Nurses Juggling Family and Career

Nurses who have families are often caught in a difficult place. They need to work to help support the family which, of course, cuts into time spent with that family. More time with family, however, means less paid time. For many it is a circle that never ends; every day is a struggle to keep a balance between work and family.

Jill Jones, second president of the Saskatchewan Union of Nurses (SUN), remembers,

“…a lot of the work was done in your own time.  I know I would do full time work at the hospital and then on my days off I'd go up to the office and work for a couple of days.  Eventually, as the union progressed, we managed to negotiate time off for the president, and also leaves of absence for board members.  So it did improve after awhile.  I remember I took a three month leave of absence to go and work in the office whilst I was president because it was so time consuming, and I just couldn't do it all. 

If I had to go away for a week I would have a week's worth of meals in the freezer.  But I had packaged meals, I had lists on the fridge.  The children remember their father doing a meal, and every meal he ever had was beans on toast.  That's how they remember their father, giving them beans on toast every meal.  Never touching my meals in the freezer.  And the children remember -- they don't sort of regret the days I worked.  I think they were pretty proud of me because I was ending up on television and things like this, and they just thought this was great.  How I managed I don't know.  I never, ever emptied a suitcase. I'd have one toilet bag that always stayed in the suitcase, and certain things that always stayed there, never even came out”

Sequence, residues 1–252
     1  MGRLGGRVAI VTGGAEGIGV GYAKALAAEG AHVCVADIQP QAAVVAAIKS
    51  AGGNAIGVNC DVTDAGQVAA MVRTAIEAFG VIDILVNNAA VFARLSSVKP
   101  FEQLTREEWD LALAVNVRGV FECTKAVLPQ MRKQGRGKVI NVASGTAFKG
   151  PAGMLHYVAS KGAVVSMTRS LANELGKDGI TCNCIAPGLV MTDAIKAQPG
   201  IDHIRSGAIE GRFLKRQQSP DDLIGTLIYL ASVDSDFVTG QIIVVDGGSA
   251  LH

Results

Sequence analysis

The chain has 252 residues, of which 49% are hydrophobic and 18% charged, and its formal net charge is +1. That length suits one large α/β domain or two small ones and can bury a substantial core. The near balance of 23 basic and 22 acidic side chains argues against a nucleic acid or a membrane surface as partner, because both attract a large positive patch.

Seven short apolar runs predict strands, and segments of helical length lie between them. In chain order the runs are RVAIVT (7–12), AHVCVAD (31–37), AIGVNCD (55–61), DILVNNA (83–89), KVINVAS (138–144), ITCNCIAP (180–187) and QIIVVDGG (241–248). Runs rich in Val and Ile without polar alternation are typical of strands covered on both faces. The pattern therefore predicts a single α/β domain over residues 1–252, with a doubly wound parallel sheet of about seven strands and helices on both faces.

Rosalee Longmoore, current SUN president, also comments on juggling her career and family. If she had to be away, she often took her children and her husband with her, reminiscing that those times away with her family are some of the best she has had. One memory that Longmoore has is that of having her youngest daughter with her while she worked:

"I was still with Long Term care at that time, so it was the strike of '88 was the hospital sector. But our youngest child was born on September the 1 st and in my job in SUN, I was on the provincial strike steering committee and in charge of essential services. And so on September the 8 th one week later, Savannah and I traveled to Saskatoon to attend a strike steering committee meeting. And once the strike was called, Savannah and I moved into the office. We had her bassinet in a corner in the office" (Interview: Rosalie Longmore)